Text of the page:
It was Amanda, of course, who suggested that I get to know that great patroness of Rococo, Mme de Pompadour. Amanda believed that if anything ever bothered you, the only solution was to go straight to the source and talk to those who started it. While she collected gossip from Reagan’s court in Washington, I infiltrated the court of Louis XV. Dead celebrities are far more approachable than living ones. One may view their escapades with more equanimity. I don’t care who was blamed for starting the Seven Years War. I still fume about the Iran/Contra scandal.
Mme de Pompadour’s patronage secured the place of Francois Boucher in art history. While he painted daydreams, domestic idylls and mythological fantasias, she lived them or at least acted her part so impeccably that she appeared to be living them. I will tell you parts of her story, which, if you become interested, you may continue in any one of a number of good biographies. More have been written since the late 1970’s, when the only good book was still Nancy Mitford’s 1954 biography Madame de Pompadour. It’s still a good one. Mitford’s book, like Madame’s life, had the kind of dreamlike quality that made it easy to read and even easier to imagine oneself in. It solved my problems of what people did in the frivolous 18th century. Indeed, as I got to know her, Mme de Pompadour became rather like the rock I meditate with, a single person who holds within her singularity a great deal of universal, even archetypal depth. I talked about her that way when I did my public lectures. I suppose it was to add human interest, to try and convey the excitement of her life through her eyes, but now I realize that it was something more. Homo sum, wrote the Roman playwright Terence, et humani nihil me alienum puto. I am human and I think that nothing human is foreign to me. It’s a saying I’ve loved since college. I realize that I stand or fall with my species. The more I am able to love others, the more I can finally forgive myself.
The future Mme de Pompadour, was born Jeanne Antoinette Poisson in Paris on December 29, 1721. Her last name means Fish. Born into the society of high finance, her mother a known beauty, her paternity uncertain, she could not have picked a better situation into which to have become the catch of the century. Financiers are always in demand after a century of war. With royal treasuries exhausted, monarchs need what we today call venture capital and will happily step out of their social class to obtain it. Capitalism was to be the great innovation of the Enlightenment. Two years after Jeanne Antoinette, Adam Smith would be born in Scotland. Each in her and his own way would contribute to a heady world of laissez faire and cash values.
According to family lore, when Jeanne Antoinette was about nine years old, a fortune teller predicted that she would become the beloved of the king. This earned her the sobriquet “Reinette,” which, loosely translated, means “Queenie.” If the story came true in her case, you can be sure that many other little girls were receiving the same kind of news from the seers who were the rage at the time. Too much reason, too much heady philosophizing always leads to a resurgence of superstition in the parlor, table rapping, cards and the like. Some have said that the mystic and supposedly ancient Tarot deck was in fact an 18th century French innovation. Be that as it may, in the world of fortune tellers and dream speakers, royalty is the symbol of individuation. In the psychic realm, we are all kings and queens. Religious teaching abounds with kings and queens even when the teachers themselves are ascetics. The kingdom of heaven is a bejeweled realm. At some deep spiritual level, you cannot go wrong as a fortune teller if you inform a little girl that she is the beloved of the King.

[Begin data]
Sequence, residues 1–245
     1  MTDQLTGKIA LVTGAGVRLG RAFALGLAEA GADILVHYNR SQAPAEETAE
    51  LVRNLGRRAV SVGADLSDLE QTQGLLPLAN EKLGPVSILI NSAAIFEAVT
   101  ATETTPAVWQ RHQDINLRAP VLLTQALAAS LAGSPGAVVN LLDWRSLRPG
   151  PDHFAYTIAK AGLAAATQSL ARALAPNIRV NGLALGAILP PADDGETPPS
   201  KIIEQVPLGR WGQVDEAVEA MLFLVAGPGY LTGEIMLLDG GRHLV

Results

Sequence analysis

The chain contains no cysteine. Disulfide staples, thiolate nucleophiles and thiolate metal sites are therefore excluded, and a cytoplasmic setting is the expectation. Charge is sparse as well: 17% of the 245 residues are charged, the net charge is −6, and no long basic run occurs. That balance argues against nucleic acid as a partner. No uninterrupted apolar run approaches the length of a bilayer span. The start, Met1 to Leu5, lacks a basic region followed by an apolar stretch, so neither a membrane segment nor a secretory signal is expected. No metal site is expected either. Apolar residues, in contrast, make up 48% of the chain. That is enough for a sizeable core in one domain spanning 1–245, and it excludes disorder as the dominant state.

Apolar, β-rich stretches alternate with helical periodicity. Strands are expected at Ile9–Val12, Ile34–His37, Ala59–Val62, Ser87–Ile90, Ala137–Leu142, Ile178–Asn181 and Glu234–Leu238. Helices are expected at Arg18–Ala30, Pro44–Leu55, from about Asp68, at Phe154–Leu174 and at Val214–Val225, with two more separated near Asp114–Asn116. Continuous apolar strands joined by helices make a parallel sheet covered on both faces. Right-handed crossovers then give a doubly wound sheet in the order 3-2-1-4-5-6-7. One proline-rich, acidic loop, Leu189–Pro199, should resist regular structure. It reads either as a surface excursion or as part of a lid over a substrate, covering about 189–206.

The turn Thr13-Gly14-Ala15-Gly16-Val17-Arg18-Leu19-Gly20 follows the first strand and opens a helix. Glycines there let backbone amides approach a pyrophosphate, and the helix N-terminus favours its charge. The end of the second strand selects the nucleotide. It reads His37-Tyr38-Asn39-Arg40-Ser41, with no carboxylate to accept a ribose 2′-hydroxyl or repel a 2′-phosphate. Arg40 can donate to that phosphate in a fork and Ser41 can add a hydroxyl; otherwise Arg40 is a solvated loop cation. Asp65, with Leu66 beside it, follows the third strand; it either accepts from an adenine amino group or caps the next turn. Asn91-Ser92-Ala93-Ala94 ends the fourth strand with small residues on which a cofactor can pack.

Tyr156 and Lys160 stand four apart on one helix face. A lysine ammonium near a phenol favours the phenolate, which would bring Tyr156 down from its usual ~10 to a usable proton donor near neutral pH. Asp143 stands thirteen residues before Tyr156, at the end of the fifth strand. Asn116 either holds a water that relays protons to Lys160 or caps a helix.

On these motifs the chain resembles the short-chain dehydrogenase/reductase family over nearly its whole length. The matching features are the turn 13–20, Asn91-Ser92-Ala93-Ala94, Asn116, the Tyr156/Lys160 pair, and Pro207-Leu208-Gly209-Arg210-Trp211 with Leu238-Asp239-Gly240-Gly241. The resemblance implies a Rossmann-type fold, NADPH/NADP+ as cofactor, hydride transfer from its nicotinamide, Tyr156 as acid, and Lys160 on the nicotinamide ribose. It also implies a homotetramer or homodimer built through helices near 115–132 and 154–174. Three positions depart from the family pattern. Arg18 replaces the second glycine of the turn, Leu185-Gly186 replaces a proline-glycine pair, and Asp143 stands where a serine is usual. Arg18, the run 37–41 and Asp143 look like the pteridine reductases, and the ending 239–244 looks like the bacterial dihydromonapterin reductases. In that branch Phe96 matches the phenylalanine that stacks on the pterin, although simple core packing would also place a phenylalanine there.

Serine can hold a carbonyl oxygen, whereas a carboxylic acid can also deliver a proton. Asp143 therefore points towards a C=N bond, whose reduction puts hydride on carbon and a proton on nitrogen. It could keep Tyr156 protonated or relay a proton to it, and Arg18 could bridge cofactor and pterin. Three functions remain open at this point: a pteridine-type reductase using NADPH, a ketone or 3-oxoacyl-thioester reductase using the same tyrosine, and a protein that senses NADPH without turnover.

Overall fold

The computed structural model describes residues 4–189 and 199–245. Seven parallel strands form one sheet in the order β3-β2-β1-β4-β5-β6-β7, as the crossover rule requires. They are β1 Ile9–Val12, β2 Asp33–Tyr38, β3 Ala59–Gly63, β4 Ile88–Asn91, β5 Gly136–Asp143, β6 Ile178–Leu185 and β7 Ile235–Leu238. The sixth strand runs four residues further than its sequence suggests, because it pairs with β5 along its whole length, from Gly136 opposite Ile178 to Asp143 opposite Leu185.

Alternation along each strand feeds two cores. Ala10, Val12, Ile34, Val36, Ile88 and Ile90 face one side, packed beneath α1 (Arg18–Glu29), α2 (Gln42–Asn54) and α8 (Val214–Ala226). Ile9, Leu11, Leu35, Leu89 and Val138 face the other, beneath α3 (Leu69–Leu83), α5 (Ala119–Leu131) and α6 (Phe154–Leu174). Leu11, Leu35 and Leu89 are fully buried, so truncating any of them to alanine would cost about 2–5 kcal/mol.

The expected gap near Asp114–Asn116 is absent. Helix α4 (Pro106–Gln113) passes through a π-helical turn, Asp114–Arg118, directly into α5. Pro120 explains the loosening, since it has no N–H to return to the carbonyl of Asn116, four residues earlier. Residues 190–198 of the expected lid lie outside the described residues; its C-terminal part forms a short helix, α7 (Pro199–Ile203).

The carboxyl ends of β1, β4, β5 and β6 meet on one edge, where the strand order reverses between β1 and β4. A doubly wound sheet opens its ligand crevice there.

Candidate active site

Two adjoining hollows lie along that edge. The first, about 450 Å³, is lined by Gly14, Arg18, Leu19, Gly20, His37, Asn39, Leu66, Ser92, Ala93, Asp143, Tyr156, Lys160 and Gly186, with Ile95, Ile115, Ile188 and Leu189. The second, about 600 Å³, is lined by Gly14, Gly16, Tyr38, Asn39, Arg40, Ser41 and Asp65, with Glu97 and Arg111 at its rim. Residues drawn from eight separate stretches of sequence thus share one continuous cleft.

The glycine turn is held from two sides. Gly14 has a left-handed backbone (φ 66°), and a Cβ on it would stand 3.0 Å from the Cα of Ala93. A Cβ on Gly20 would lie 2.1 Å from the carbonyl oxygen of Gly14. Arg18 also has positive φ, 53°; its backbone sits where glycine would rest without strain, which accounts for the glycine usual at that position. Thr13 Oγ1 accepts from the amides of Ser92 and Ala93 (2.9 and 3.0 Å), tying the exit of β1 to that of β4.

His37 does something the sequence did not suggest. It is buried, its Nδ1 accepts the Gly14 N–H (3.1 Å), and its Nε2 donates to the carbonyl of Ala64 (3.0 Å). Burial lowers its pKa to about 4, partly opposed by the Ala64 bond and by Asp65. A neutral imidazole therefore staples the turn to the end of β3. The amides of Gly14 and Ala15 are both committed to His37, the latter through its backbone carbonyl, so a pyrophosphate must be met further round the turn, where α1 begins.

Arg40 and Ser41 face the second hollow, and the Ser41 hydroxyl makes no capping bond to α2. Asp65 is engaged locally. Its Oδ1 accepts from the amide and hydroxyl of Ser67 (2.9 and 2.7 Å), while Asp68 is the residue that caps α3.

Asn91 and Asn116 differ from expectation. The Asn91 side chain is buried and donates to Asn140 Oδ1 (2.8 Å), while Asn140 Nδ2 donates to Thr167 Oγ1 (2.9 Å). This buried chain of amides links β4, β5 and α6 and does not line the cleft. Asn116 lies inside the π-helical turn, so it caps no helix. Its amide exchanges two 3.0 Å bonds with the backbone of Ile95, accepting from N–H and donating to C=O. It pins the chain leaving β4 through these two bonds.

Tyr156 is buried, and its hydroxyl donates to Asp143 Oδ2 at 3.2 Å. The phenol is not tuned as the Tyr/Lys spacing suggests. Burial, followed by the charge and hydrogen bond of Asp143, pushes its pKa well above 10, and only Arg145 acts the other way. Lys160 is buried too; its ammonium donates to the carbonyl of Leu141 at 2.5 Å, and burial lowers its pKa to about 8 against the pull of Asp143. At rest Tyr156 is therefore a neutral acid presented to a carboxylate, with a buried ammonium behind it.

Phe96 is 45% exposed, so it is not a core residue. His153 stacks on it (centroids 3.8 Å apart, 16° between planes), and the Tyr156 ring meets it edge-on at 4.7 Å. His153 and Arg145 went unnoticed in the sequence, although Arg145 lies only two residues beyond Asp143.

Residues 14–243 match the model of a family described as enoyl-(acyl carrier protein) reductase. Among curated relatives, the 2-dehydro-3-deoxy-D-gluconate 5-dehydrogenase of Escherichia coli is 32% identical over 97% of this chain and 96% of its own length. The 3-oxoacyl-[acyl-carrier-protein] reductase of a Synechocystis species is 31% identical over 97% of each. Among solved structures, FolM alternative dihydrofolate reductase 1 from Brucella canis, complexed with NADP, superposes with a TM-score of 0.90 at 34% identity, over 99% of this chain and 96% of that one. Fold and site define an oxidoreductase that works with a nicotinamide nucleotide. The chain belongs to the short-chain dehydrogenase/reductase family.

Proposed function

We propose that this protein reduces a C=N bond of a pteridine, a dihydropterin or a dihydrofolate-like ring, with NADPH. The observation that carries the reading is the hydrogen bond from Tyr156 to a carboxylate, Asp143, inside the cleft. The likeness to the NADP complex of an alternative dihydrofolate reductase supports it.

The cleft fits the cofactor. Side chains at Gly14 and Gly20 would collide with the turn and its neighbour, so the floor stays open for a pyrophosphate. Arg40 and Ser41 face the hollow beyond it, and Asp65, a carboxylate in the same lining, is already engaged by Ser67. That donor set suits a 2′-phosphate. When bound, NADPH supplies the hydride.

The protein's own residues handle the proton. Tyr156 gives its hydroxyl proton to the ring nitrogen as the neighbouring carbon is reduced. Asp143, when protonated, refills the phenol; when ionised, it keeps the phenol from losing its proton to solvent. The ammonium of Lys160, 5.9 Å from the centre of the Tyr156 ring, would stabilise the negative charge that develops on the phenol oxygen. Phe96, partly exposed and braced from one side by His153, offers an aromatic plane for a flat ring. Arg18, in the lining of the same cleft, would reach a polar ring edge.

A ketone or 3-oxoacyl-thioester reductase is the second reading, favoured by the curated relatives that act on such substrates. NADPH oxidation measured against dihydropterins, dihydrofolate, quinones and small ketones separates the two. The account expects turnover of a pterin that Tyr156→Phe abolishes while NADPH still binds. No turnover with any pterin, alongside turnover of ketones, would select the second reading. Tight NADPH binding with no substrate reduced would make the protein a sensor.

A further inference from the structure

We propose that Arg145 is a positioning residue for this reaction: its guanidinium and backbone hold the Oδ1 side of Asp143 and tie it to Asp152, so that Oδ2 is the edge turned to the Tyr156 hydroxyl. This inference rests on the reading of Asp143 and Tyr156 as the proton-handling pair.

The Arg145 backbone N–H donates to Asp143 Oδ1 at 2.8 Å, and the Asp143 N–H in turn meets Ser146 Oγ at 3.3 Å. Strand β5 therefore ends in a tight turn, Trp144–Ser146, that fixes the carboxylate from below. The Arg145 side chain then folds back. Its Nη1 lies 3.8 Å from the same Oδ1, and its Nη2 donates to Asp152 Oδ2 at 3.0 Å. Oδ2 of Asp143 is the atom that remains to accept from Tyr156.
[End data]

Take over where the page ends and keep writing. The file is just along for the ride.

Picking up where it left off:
After receiving the education that was now the right of girls of good birth, Jean Antoinette was married at nineteen to Charles-Guillaume Le Normant d'Étiolles, also a financier. Charles-Guillaume appeared to have loved her madly. Since her claim to fame was as a lover, this should not surprise us. Nor should we be surprised that he never forgave her leaving him, even if it was for the king. But the truth goes deeper. It was Charles-Guillaume’s own father, always the broker, who introduced his pretty daughter-in-law to court circles and helped to get her into the masked ball held at Versailles in 1745 to celebrate the marriage of Louis XV’s son to a Spanish princess. If d’Etiolles père was making loans to the king, what could be a better guarantee on his investment than the ivory arms of a beautiful woman, a brilliant hostess, a patron of the arts? Had he lived today, Charles Guillaume might have written a vindictive novel about his father’s sexual brokerage, but this was an age of sparkling women, and this was France, and Charles Guillaume only sulked.
It is hard to see what is going on in this engraving of “The Yew Tree Ball” by Charles-Nicolas Cochin (French, 1715–1790). It shows the grand soiree in which all the dreams of our beautiful Reinette at last came true. The king, present at first to greet his guests, then mysteriously disappeared, causing trepidation and alarm. Later, he returned with seven friends, all dressed up as identical clipped yew trees. You can see them over on the left. It must have been dreamlike to have been that night in the Hall of Mirrors, thousands of candles blazing everywhere, layer upon layer of tromp d’oeil and sparking reflection, everybody pretending to be somebody else: dominoes, harlequins, creatures whose heads lay in their chests, Persians, Indians, magicians, anything was possible on that breathless, stifling night, heady with sweat, desire and perfume.